Super (2010); YES—Excellent! Superheroes are psychopaths.
This is the movie that both Kick-Ass and Watchmen wanted to be, and then goes beyond that.
In this case, a man interprets his psychotic breakdown as a religious experience that tells him to be a superhero.
A moving modern fairy tale that effectively mixes gore, sick humor and pathos—there’s a happy ending, but you have to earn it.
While I didn’t love director James Gunn’s previous flick Slither, it has a HUGE cult following, and Super deserves the same. Gunn keeps getting better with each film, and it’s fun as a movie fan to find someone whose work is routinely interesting, growing and changing.
This film is also the first time I have ever really liked the actors Riann Wilson or Ellen Page: I thought they did great jobs playing flawed, weird kind-of real people.
Yeah, this is one of my favorites of the year.

Cobra (1986); NO—Stallone can’t write or act comedy, he shouldn’t even try.

Breaking Bad: Season Three (2010); YES; the first season was Westlakeian like The Ax; the second season was Westakeian like Dortmunder; the third season is starting to get like Richard Stark’s Parker—and I think that is great. Go Team Heisenberg!

Shorts—they’re shorts, so just fuckin’ watch them, okay?

Rosa (sexy cyber-killers in action)

Separation (kinky latex weirdness)


  1. So the dictator of Ivanlandia does not sanction the word 'mockumentary', but is OK with 'docudrama'. I imagine the Overlord takes exception with the word 'mockument', whereas 'docudrama', which i would prefer be hyphenated, has real roots. How does His Honor feel about the other common terms for these kinds of movies?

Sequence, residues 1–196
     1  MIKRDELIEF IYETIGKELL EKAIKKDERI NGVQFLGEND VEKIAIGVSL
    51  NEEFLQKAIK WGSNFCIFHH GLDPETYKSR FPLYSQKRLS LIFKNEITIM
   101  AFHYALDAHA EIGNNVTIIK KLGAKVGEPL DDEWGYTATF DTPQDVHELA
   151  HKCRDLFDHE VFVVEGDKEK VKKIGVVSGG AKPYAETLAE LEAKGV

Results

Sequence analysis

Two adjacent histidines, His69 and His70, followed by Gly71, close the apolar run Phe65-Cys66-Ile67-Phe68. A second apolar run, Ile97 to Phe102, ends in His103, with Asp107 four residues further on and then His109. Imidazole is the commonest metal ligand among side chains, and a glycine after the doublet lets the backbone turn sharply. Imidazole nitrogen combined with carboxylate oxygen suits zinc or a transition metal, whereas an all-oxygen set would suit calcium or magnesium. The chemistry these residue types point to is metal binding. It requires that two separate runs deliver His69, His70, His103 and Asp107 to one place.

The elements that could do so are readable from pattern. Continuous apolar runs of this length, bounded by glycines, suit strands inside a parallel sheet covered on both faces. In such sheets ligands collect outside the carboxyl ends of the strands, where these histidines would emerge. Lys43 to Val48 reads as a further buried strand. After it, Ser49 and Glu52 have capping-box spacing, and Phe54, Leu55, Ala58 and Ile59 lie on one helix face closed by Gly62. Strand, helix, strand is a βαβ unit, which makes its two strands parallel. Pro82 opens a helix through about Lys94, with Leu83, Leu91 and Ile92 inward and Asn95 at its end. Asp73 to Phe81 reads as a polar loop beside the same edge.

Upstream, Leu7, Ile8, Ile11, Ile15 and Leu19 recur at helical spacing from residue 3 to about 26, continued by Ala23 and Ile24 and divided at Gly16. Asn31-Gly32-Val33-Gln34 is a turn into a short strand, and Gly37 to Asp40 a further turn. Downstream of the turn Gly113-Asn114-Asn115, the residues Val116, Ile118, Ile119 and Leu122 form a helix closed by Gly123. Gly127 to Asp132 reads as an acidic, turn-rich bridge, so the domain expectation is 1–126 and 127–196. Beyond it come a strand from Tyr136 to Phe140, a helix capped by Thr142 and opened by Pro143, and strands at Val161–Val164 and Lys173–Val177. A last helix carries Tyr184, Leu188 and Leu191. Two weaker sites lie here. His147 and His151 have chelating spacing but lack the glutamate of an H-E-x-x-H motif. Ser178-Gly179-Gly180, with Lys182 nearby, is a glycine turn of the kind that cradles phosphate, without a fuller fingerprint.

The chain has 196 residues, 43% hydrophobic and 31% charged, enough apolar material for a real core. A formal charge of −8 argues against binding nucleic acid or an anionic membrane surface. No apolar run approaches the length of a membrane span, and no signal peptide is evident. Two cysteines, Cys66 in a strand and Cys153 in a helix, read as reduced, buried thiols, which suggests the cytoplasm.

George Stevens. I can think of three i've seen. Recently rewatched SHANE. I still like it but not as much as the first time. GIANT is my fave of the three. Shot in "Warnercolor", it feels like one of my beloved melodramas, although it's considered a drama. A PLACE IN THE SUN is great, but somehow Shelley Winters is too annoying even when she's supposed to be, which is almost all the time. Clift is superb, as always, but i was never a fan of Liz for some reason. For a similar, but lesser drama, i prefer LEAVE HER TO HEAVEN; it has just the right cheese factor!

    Lots more to comment on in this post, but i've run out of steam for now.

  2. Your belligerence is invigorating, Herr Mannix!

    I'll ignore much of what you've written, so's this doesn't take forever--I object to the term "mockumentary" being applied as a catch-all to describe any fiction film that uses the "documentary" format.
    Now, if the prefix "mock-" came from the UK-English, as in "mock turtle soup" (made with cow brains instead of turtles), or "fake," I think I would be fine with "mockumentary."
    But the expression grew out of the films of Christopher Guest, starting with This Is Spinal Tap. His movies were comedies and tended to "mock" (make fun of, disdain) their subjects. Honestly, I think his best film, Best In Show, succeeds because it is much more sweet-natured than Guest's other flicks.
    I realize people need their snappy little catchphrases--and to hell with logic or common sense!--but I don't see why I should blindly accept it when I disagree with it. And to your knee-jerk yelp of "Why don't you come up with one of your own?", I reply, what the hell do ya think I've been doing?!?
    As of now, "fake documentary" is the closest I've gotten, and like hell, if I'll start calling the genre "FaDo."

    As for "docudrama," as a word it sounds good, has gravitas, and is actually the briefest way possible to describe this style of film.

    WHEW! This fucking comment is longer than today's post! You better appreciate this, man. You're the only one reading it.

  3. "knee-jerk yelp of 'Why don't you come up with one of your own?' "

    uh, i didn't write that. i was having some fun fuckin' with it. and i'm never "knee-jerk", but i can be a jerk.

    i was more interested in the George Stevens part.